A Dream Deferred
Fifteen years after the end of apartheid, South Africa and its 47.4 million people have made great strides. A decade-long economic boom has lifted millions out of poverty.
Under the moral leadership of Nelson Mandela, Pretoria promoted racial reconciliation, prevented a massive brain drain and began to rebuild a deeply divided society.
Recently, the ruling African National Congress (ANC) held a dramatic leadership election between incumbent President Thabo Mbeki and former Vice President Jacob Zuma. But now that the populist Zuma has triumphed, he faces a number of charges stemming from a multi-billion dollar arms deal in the late 1990s, including racketeering, tax evasion and corruption.
South Africa has entered a period of uncertainty.
From Potential to Devastation
In the mid-1990s, South Africa began to encounter the tough realities of a globalizing post-cold war world. Led by the ANC, the government committed itself to increased trade and investment liberalization, while adopting a more realistic macroeconomic strategy that emphasized tight money and fiscal austerity.
By 2006, South Africa's GDP (PPP) amounted to $567 billion (ranking twenty-third worldwide, right behind Iran and Poland), while annual growth was estimated at 5 percent.
In just half a decade, average incomes have climbed from $3,050 to $5,390. However, population growth has plunged from 2.5 percent to 1.1 percent. Life expectancy is now less than forty-eight years and declining.
South Africa ranked thirty-sixth in global competitiveness in 2006, but fell eight positions last year. The country's infrastructure remains relatively solid, but health and primary education are under severe pressure. In the 1990s, South Africa's AIDS epidemic was as severe as the situation in other African nations. Today, things are a lot worse. There are 5.5 million South Africans with HIV, while the adult prevalence rate is 19 percent. Sadly, this devastation could have been averted.
There is a tradition of colossal public health breakdowns brought on by the government in Pretoria: In the late 1990s, South Africa's health minister announced that she would not permit antiretroviral therapy to be provided to pregnant HIV-positive women in public health facilities. In 2000, President Mbeki began to question the link between HIV and AIDS. Last summer he fired the popular deputy health minister, Nozizwe Madlala-Routledge, instead supporting her boss, an advocate of beetroot and African potatoes for solving the AIDS problem. For his part, Zuma has been accused of rape and recommended cold showers to prevent infection after sex with HIV-positive women.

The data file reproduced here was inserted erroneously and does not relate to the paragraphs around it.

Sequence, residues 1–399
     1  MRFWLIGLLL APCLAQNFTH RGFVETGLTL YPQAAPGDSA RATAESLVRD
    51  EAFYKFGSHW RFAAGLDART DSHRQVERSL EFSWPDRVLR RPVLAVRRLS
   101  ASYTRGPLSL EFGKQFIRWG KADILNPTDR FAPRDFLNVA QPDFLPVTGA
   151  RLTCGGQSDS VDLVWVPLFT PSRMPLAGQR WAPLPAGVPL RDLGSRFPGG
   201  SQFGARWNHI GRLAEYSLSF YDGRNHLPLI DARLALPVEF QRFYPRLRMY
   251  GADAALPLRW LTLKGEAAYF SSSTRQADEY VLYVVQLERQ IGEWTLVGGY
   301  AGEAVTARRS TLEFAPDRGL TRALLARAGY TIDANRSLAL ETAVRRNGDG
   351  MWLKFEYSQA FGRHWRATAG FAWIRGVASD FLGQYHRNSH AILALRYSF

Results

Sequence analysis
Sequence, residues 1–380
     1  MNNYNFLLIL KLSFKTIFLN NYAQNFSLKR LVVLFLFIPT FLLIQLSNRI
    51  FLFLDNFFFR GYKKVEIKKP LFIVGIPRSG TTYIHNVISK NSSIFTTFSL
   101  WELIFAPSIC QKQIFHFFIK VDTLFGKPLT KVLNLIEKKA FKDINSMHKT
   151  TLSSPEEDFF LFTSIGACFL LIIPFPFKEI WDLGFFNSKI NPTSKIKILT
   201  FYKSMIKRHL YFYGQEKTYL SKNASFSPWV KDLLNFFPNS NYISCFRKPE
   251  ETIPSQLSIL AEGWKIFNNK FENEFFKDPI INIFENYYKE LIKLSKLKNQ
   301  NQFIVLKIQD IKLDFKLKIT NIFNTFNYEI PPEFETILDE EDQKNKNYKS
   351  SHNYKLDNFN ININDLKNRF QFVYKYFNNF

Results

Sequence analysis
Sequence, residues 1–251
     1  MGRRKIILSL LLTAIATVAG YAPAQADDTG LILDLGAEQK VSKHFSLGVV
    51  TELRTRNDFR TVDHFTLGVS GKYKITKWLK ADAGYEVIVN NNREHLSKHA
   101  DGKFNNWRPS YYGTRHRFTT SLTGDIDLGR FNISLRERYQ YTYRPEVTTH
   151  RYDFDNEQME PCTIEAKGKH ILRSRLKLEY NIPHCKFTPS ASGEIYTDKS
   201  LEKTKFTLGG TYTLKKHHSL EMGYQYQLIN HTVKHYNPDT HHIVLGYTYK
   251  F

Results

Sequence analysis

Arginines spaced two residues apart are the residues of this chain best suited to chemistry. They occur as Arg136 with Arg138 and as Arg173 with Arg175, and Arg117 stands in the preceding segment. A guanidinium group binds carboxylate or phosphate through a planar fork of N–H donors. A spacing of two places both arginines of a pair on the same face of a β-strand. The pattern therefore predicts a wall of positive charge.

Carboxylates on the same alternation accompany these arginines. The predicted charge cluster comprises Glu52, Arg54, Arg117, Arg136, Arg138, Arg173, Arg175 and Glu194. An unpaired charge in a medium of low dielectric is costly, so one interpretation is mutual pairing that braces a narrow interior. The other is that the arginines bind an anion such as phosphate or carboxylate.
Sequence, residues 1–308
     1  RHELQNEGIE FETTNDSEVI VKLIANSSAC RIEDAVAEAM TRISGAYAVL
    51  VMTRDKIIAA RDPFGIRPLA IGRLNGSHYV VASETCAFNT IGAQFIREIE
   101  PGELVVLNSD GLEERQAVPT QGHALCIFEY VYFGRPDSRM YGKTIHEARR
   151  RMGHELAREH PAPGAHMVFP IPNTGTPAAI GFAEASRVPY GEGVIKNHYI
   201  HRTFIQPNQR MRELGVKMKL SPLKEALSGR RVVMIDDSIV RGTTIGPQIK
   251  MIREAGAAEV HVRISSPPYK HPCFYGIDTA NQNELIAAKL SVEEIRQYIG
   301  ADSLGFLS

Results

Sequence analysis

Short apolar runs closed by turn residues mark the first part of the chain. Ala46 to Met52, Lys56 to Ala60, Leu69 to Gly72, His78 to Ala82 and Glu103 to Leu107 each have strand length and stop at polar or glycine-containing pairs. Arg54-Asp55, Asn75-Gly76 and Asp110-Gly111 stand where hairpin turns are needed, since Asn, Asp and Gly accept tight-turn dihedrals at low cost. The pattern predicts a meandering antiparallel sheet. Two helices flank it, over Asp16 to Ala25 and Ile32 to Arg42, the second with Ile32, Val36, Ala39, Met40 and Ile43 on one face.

In the coming years, this massive failure of leadership will exact a devastating toll on the people of South Africa.
Business Amidst Crime
South Africa enjoys a relatively large market, sophisticated financial system and efficiency in the goods market, but is struggling to streamline the labor market. In 2006, it ranked thirtieth among the world's leading innovators, as measured by international patenting in the United States. But translating innovation into thriving business models has become difficult.
South Africa has sophisticated companies-the market cap of listed firms rose from 154 percent of GDP to 280 percent from 2000 to 2005-but the business environment suffers from an inadequately educated workforce, crime and theft, an inefficient government bureaucracy and restrictive labor laws.
A plague of crime has hit South Africa: In 2007 it had more violent deaths per capita than Afghanistan. The number of sexual assaults has also grown dramatically.
Half a decade ago, Goldman Sachs projected South Africa's growth rate at 3.5 percent over the next fifty years, comparable to predictions for Russia and Brazil. Yet now it seems likely that the economy will be significantly smaller than that of the BRICs in 2050 and just a fifth of the size of Russia's-not least due to the impact of AIDS on the labor force and population dynamics.
Today's succession struggle in Pretoria reflects a wider erosion of leadership. The ANC's prison-cell generation and its legendary leaders have retired (from Mandela to Mac Maharaj) or passed away (Oliver Tambo, Walter Sisulu).
Despite presiding over the longest economic boom since 1981, the increasingly authoritarian Mbeki is unpopular because most poor blacks, the alliance's core membership, have seen few benefits. Between 1975 and 2005, wealth disparities almost doubled.
In 2004, the ANC won a resounding victory with 70 percent of the vote, in a tripartite alliance with South African communists and the COSATU trade union federation. But the recent election results may contribute to the breakup of that ANC coalition.
The enormous irresponsibility of successive South African governments now mean that only dramatic change can restore the country's former promise as a global economic heavyweight.
Dr. Dan Steinbock serves in the India, China and America Institute. Focusing on issues of international business and international relations, he divides his time between the United States, China and Europe.